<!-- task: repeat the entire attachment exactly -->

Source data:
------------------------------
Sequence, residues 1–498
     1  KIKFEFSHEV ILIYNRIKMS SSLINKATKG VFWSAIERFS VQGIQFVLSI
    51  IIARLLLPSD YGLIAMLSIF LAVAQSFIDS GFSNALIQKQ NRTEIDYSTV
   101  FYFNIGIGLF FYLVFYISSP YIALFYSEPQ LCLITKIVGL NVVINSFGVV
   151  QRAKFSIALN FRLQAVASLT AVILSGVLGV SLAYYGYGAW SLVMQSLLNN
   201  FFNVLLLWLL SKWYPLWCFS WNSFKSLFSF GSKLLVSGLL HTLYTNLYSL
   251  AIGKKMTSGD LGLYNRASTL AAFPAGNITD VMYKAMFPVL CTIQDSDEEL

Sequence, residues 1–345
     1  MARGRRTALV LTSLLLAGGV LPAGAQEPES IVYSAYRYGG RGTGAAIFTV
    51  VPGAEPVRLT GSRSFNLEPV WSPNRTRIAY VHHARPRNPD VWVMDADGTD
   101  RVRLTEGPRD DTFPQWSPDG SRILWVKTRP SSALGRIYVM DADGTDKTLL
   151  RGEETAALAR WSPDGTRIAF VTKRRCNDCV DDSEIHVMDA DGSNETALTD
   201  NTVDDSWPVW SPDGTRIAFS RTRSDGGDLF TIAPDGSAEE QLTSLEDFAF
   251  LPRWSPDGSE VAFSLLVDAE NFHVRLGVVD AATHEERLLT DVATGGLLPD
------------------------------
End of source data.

Sequence, residues 1–498
     1  KIKFEFSHEV ILIYNRIKMS SSLINKATKG VFWSAIERFS VQGIQFVLSI
    51  IIARLLLPSD YGLIAMLSIF LAVAQSFIDS GFSNALIQKQ NRTEIDYSTV
   101  FYFNIGIGLF FYLVFYISSP YIALFYSEPQ LCLITKIVGL NVVINSFGVV
   151  QRAKFSIALN FRLQAVASLT AVILSGVLGV SLAYYGYGAW SLVMQSLLNN
   201  FFNVLLLWLL SKWYPLWCFS WNSFKSLFSF GSKLLVSGLL HTLYTNLYSL
   251  AIGKKMTSGD LGLYNRASTL AAFPAGNITD VMYKAMFPVL CTIQDSDEEL

Sequence, residues 1–345
     1  MARGRRTALV LTSLLLAGGV LPAGAQEPES IVYSAYRYGG RGTGAAIFTV
    51  VPGAEPVRLT GSRSFNLEPV WSPNRTRIAY VHHARPRNPD VWVMDADGTD
   101  RVRLTEGPRD DTFPQWSPDG SRILWVKTRP SSALGRIYVM DADGTDKTLL
   151  RGEETAALAR WSPDGTRIAF VTKRRCNDCV DDSEIHVMDA DGSNETALTD
   201  NTVDDSWPVW SPDGTRIAFS RTRSDGGDLF TIAPDGSAEE QLTSLEDFAF
   251  LPRWSPDGSE VAFSLLVDAE NFHVRLGVVD AATHEERLLT DVATGGLLPD